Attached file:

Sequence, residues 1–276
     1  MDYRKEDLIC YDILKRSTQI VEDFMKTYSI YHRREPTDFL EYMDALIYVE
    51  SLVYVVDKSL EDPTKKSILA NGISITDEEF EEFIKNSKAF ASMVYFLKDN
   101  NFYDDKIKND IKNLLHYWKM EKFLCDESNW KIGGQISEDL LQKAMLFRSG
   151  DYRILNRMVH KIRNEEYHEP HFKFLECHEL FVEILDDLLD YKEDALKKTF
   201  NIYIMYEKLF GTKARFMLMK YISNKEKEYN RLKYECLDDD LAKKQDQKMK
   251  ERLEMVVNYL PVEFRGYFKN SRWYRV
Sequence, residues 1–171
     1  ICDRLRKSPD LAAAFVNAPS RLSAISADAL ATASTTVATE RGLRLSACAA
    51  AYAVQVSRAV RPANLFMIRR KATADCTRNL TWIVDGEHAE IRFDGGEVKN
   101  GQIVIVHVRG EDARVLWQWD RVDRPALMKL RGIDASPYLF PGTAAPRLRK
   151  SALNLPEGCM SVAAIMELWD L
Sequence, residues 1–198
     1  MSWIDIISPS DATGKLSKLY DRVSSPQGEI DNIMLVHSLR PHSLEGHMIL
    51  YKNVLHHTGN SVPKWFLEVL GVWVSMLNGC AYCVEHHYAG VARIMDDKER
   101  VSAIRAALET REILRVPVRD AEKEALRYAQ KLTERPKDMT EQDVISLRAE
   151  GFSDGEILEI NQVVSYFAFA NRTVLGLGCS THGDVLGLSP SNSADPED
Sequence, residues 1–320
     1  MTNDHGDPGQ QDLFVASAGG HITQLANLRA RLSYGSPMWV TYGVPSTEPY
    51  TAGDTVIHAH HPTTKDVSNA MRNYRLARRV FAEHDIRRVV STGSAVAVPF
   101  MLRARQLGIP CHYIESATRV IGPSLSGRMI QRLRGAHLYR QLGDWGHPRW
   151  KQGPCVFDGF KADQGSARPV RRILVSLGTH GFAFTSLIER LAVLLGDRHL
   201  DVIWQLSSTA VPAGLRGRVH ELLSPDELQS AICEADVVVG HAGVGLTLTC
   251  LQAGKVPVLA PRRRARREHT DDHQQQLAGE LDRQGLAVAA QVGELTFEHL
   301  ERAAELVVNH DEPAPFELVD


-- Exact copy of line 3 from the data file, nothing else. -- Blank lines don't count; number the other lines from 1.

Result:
    51  SLVYVVDKSL EDPTKKSILA NGISITDEEF EEFIKNSKAF ASMVYFLKDN